The authors adopted a semi-structural interview and provided an outline for the journalists that mainly revolved around the following nine questions: (1) When did you start using new media in your daily work? (2) What is your reason for using new media? (3) What do you think is the role of new media in news production? (4) What measures have been adopted by the press group that you are currently working for in terms of media convergence? (5) Did such measures result in changes in your daily work? If yes, what are such changes? What can you say about these changes? (6) How do you interpret the effects of media convergence on journalists based on your personal experience? (7) What is your overall evaluation of the media convergence within the press group you are working for? (8) Are you aware of the measures of other press groups in terms of media convergence? What is your opinion on their measures? (9) What can you say about the viewpoint of the local press industry that media convergence is the way out for its current predicament? Specific to the interviewees of other categories, the questions varied in terms of how they are stated and their order of arrangement.
Moreover, the major criteria of the present press industry in Fujian regarding job performance of new media editors involve the read count of postings and the number of fans. From the perspective of journalists, behaviour that editors repeatedly demand from the frontline journalists includes nothing more than ensuring the timeliness of press release. Their compliance is somehow related to the job performance evaluation of the editors themselves, thereby resulting in the additional decline in the willingness for coordination.

Understanding why most interviewed journalists also asserted that the assumptions that ‘multi-skilled journalists’ who can write, photograph and edit is unrealistic (if not entirely unreasonable), and claimed that newspaper journalists should be differentiated from specialised new media journalists who will transform into expert-type journalists in the future by delivering objective, rational and in-depth reportage on a certain subdivided domain. In this conception, new media practitioners remain quite distinct from their peers from the traditional media. However, such a difference has undergone slight changes, that is, traditional media practitioners have begun to admit and accept the possibility that their new media counterparts may be professionalised in the domain of news production. Journalists are consulting about their roles in reference to new media, although they are more inclined towards constriction rather than extension when adjusting their professional boundaries.

Wénlín ABC EDOC shì zài ABC gǔdài Hànyǔ cíyuán cídiǎn de jīchǔ shàng biānxiě, gāi cídiǎn shì Xiàwēiyí Dàxué Chūbǎnshè rè pěng de ABC Xìliè zhīyī; tā háishi dì-yī kuǎn kě sōusuǒ gǔdài Hànyǔ zìyuán de diànzǐ cídiǎn, qí zhòngdiǎn zàiyú yǔyīn hé Zhōnghuá wénhuà gēnyuán de hányì. Jīngguò jīngxīn shèjì, shìyòng yú fēi zhuānyè rényuán hé zhuānyè rénshì, zhè bù cídiǎn fēicháng yìyú shǐyòng, nèiróng yǐ zìmǔ shùnxù biānpái, yōngyǒu zhòngduō chuàngxīn de císhū gōngnéng. Měi ge cítiáo tígōng yī ge huò duō ge kěnéng de cíyuán, fēnjiě fāyīn hé qítā xiāngguān shùjù. Cídiǎn jiāng cífǎ shàng yǒu guānlián de cízǔ héwéi “cí xì”, yǐbiàn gèng qīngxī de chǎnshì yǔ zhī guānlián de pàishēngcí hé qítā cíyuán biànhuà. Wénlín ABC EDOC cídiǎn diànzǐ bǎn nèihán yī piān jùyǒu zhòngyào yìyì de zuòzhě xù, jièshàole zuòzhě duì Hànyǔ zài Yàzhōu de yǔyánxué dìwèi kànfǎ, xiángshùle Hànyǔ yǔyán jíqí yuánxíng zuìchū de yǔyīn hé cífǎ shǔxìng.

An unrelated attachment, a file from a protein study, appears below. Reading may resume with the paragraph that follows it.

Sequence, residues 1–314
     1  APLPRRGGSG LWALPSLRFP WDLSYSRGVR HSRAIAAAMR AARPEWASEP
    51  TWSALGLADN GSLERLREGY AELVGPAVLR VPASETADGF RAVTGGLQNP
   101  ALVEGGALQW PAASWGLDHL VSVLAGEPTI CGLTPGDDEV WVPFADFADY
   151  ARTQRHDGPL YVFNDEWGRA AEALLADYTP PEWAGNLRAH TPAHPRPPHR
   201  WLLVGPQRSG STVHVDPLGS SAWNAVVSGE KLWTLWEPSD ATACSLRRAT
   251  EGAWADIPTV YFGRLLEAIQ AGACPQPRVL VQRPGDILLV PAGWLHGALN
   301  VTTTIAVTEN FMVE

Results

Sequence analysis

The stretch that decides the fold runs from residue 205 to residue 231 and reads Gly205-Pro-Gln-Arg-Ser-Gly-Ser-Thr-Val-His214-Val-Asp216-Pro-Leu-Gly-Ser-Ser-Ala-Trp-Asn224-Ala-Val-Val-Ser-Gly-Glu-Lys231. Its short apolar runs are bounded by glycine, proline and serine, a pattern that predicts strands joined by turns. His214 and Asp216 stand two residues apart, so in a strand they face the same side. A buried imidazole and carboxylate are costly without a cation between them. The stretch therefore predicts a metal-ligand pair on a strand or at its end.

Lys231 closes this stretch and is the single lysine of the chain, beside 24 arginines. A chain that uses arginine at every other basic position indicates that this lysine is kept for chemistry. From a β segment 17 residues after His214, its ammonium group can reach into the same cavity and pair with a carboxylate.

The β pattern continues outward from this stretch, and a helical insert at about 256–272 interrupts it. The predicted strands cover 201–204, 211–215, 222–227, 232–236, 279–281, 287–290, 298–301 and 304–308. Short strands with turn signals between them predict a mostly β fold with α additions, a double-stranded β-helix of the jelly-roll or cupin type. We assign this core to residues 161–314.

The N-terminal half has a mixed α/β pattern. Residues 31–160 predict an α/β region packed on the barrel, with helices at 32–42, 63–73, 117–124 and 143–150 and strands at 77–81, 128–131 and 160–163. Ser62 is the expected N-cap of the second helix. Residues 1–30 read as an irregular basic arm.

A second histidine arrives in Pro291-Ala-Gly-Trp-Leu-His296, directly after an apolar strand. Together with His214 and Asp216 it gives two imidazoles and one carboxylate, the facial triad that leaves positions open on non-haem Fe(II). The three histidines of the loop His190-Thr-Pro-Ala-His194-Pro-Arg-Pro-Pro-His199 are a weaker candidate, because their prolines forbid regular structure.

Approaches to writing instruction developed in North America have gradually made their presence felt in other parts of the world during recent years. A curricular evaluation of the local needs, instruction, assessments, teacher preparation, and other pedagogical factors is crucial for the successful transmission and integration of those approaches into the new contexts. Set against the background of recent, exuberant scholarly discussions of the issue of transplanting Western writing pedagogies, this article presents an observational report of a typical college English curriculum for non-majors in China, with a focus on its writing component. The study has found that English writing is taught under the guidance of a nationally unified syllabus and examination system. Rather than assisting their students to develop thoughts in writing, teachers in this system are predominantly concerned about the teaching of correct form and test-taking skills. Because of their relatively low economic status in China, English teachers have to work extra hours and have little time to spend on individual students or on furthering their professional training. However, signs of recent Western writing pedagogies, such as pre-writing and multiple-drafting activities, are identified in classrooms and textbook publishing, which indicate the possibility of successful adaptations of the recent Western writing pedagogies in the Chinese context.
Prompts from new media centre editors that ‘users responded intensely’ are often believed as too trivial to be ‘worth writing about’, hence are ultimately ignored by journalists. Editors blame the journalists’ reaction on lack of awareness, that is, journalists lack knowledge of new media, underestimate the intensity of competition between the press industry and commercial new media and overlook user demands. In fact, journalists expressed their concern regarding increasingly intense market competition in both the survey and in-depth interviews. They sensed that when various types of newspapers obtain news clues from new media and as reportage becomes increasingly homogenised, newspapers are confronted with increasingly intense competition.